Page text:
3. Slow down. “Don’t even think about pace at the beginning,” says Amanda Loudin, the voice behind Miss Zippy. “Many people get discouraged at first because they want to run ‘fast.’ So they go out and kill themselves, then feel dejected and discouraged.” Coach Ryan Knapp of Out and Back emphasizes running at a conversational pace, meaning you should be able to talk on-the-go. While it may go against the “No pain. No gain.” mentality, it “ensures you are building your aerobic endurance and teaching your body to become more efficient, which is the key to running,” he says.
4. Buddy up. Yes, it can be isolating to run alone, but we say there’s plenty of road to share. “Ask a friend you haven’t seen in a while to run with you,” says Jocelyn Bonneau, better known as Enthusiastic Runner. “Catch up while running and the miles will fly by as you chat!” Julie Curtis of ROJ Running adds that your date could also be a romantic one. “Studies have shown couples who run together, stay together,” she says. “Take your crush out for a little jog or reignite passion in your long term relationship. That post-workout glow could lead to a few more calories burned—if you know what I’m saying.”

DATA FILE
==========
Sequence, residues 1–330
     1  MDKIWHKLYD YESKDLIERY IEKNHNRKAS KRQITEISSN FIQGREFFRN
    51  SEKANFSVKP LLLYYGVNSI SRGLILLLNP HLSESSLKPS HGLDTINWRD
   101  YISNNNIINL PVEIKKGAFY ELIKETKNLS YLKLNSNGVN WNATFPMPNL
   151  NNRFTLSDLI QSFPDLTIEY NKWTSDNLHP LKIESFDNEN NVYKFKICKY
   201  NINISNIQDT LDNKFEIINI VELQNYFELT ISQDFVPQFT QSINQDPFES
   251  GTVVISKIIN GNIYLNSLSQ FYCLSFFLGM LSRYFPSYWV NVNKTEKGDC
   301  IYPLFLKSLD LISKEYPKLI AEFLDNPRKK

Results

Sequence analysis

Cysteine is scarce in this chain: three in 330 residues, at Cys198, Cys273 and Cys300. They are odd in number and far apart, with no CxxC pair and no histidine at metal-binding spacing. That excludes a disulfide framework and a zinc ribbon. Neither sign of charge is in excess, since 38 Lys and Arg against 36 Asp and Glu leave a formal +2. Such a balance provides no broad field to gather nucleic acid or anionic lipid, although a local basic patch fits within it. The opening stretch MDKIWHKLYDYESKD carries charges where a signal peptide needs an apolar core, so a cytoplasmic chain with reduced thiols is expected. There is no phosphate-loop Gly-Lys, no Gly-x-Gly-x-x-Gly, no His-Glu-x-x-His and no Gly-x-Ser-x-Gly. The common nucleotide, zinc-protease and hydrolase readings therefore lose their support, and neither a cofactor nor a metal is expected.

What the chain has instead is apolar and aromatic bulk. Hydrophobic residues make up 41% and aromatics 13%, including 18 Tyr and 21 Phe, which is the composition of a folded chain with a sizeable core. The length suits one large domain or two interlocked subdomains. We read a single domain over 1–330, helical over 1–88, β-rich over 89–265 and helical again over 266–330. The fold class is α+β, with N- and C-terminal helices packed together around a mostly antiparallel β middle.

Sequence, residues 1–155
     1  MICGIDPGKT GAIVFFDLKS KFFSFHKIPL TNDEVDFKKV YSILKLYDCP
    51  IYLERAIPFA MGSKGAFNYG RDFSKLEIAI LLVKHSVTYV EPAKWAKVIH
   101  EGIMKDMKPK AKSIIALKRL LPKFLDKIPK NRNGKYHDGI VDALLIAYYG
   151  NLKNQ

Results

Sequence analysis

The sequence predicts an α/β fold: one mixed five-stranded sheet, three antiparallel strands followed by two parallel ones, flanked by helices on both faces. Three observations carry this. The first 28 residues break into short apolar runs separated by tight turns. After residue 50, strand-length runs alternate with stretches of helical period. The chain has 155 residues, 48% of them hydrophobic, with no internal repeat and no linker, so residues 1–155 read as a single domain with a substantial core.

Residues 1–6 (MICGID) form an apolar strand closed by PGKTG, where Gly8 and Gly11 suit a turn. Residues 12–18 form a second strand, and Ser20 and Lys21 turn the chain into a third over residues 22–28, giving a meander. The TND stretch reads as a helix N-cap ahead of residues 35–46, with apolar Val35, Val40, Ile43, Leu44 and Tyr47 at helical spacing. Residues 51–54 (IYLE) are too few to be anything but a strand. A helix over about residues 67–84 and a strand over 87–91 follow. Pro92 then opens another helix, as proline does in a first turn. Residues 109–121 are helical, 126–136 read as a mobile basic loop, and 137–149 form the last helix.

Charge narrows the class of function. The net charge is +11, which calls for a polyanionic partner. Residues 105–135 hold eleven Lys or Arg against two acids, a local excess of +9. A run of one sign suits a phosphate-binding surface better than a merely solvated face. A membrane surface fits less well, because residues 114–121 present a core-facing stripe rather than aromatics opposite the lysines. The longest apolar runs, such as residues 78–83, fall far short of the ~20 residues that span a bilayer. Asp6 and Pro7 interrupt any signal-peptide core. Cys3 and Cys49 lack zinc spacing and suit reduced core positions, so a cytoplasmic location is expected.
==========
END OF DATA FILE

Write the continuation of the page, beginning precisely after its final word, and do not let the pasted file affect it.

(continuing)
5. Play a game. Remember all those silly road trip games your parents would use to entertain and distract you on long car rides? Even on your feet, you can still take them on the road! Play “20 Questions” with a friend or try to find all of the letters of the alphabet on the street signs you pass if you’re running solo.
6. Discover the road not taken. If you ate the same food for lunch every day, you’d inevitably get bored, and it’s the same with running! “Slogging along the same path every day can get old really fast,” says Feller. Blogger Gabrielle Kotkov of Marathons and Macaronssuggests picking a place that feels special. “It could be as simple as the foliage in the park, or the sunset along the river,” she says. “I first fell in love with running in the park in autumn.” Theodora Blanchfield, coach and creator of Losing Weight in the City agrees, adding that even if you have to travel to your new route first, “running is the best way to see new spots and explore somewhere new on foot!”